Communication between genomic and non-genomic signaling events coordinate steroid hormone actions

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Abstract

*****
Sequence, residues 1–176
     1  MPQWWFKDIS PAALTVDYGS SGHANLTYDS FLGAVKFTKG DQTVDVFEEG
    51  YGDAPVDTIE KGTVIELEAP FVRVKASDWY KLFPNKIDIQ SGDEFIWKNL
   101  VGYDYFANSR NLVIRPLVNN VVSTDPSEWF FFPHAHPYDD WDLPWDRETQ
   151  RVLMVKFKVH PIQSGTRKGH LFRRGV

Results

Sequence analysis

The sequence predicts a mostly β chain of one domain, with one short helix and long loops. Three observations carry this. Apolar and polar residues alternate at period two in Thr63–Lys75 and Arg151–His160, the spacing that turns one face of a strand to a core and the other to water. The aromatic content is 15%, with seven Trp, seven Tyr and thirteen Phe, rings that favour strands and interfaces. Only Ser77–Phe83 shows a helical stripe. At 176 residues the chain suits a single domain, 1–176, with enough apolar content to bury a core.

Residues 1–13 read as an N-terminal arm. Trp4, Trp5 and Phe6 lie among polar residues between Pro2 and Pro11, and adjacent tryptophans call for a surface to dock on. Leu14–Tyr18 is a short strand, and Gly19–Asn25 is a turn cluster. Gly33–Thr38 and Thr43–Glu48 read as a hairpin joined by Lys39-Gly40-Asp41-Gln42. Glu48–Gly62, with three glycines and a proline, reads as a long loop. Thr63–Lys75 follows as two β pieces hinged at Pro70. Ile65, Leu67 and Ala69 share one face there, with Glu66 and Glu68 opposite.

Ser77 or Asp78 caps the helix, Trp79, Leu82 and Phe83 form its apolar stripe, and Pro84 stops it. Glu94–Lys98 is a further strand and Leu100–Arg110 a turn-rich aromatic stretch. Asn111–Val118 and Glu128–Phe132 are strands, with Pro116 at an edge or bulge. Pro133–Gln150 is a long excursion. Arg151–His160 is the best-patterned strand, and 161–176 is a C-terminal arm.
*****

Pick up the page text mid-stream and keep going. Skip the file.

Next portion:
Steroid hormones are lipophilic molecules produced in one cell that can travel great distances within the body to elicit biological effects in another cell. In the canonical pathway, steroid hormone binding to a nuclear receptor (NR), often in the cytoplasm, causes the receptor to undergo a conformational change and translocate to the nucleus, where it interacts with specific sequences of DNA to regulate transcription. In addition to the classical genomic mechanism of action, alternate mechanisms of steroid activity have emerged that involve rapid, non-genomic signaling. The distinction between these two major mechanisms of action lies in the subcellular location of the initiating steroid hormone action. Importantly, the mechanisms of action are not exclusive, in that each can affect the activity of the other. Here, we describe the different types of genomic and non-genomic steroid hormone signaling mechanisms and how they can influence one another to ultimately regulate biology. Further, we discuss the approaches being used to study the non-genomic signaling events and address important caveats to be considered when designing new experiments. Thus, this minireview can serve as an introduction to the diverse signaling mechanisms of steroid hormones and offers initial, experimental guidance to those entering the field.

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